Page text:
Wright preferred a different understanding, one no less biblical (in the broad sense), and his interpretation is the one adopted by the object’s current caption: “the Queen of Heaven,” in the form of the goddess Astarte, worshiped throughout the region. Wright also pointed to the biblical place-name “Ashtarot” (Deuteronomy 1:4; Joshua 9:10), which just happens to be located east of the Jordan, where Merrill explored and collected many of his objects. Wright even suggested identifying the object with a find briefly described by Merrill as follows: “still another head [of Astarte], with rays, was found by us at ’Atîl, in which the rays taper to points.”4

So which is it? Revelation’s crowned, pregnant woman on the moon or a Transjordanian Astarte? Actually, I’m not sure I can—or need to—answer that question. Wright was correct in questioning the exclusively Christian reading, but his own approach would also suggest questioning an exclusively Astartian reading. It’s just not like any other Astarte I’ve seen, and utterly unlike the ones depicted in Merrill’s own book either. And the confluence of particular symbols—lamb, fish, a pregnant woman between a sun and a moon—still seems uncannily Christian to me. The Greek language inscription points in that direction, too.

The enduring mystery of the object justifiably brings us to the next question: its authenticity. We should note that Merrill’s time in the Middle East overlaps with a key time for biblical forgery in and around Jerusalem. This is the era of the Moabitica affair (1870s) as well as Moses Willhelm Shapira’s Deuteronomy (found perhaps in 1878, displayed and offered for sale in 1883). And these are just the most well-known instances. Various biblical fakes are associated with figures like Shapira, the sculptor Martin Boulos, and Selim Al-Qari, spanning both decades.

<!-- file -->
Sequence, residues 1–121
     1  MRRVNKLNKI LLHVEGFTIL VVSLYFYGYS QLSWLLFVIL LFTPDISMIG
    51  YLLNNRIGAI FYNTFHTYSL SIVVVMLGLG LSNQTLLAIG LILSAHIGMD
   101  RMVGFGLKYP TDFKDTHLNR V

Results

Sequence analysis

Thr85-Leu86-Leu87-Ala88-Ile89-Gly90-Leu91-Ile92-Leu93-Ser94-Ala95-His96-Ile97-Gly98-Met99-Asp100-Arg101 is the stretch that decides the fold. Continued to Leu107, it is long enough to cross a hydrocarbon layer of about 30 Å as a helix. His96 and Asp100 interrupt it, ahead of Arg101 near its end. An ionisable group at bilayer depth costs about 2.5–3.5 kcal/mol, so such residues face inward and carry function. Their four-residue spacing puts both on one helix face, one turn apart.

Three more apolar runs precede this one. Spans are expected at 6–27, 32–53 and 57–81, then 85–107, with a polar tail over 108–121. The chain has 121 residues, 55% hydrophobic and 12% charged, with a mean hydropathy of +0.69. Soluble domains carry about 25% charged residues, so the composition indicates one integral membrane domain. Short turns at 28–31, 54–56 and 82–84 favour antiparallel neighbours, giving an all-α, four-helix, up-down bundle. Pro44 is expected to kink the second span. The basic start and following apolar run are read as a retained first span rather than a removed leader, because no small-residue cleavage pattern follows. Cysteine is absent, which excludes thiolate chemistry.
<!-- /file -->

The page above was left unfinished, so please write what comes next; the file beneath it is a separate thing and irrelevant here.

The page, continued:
The object in question bears no clear resemblance to the Moabitica or other identified and published forgeries. But there are some interesting points of comparison. Although not quite as risqué as the most explicit of the Moabitica, the Harvard Astarte’s distended breasts and clearly depicted nipples are rather odd for Greek-period depictions of women (or goddesses), but find some context in the more explicit Moabitica. Like many of the pieces now attributed to the stone-cutter Martin Boulos, the Harvard Astarte is a self-contained complete piece (not a fragment), with a bottom-running Greek inscription. The facial features include clearly marked eyes (lids and pupils), and an elongated nose. While the more well-known Boulos pieces are busts, at least one published piece is a similarly triangular relief of a full-length but strangely proportioned figure.5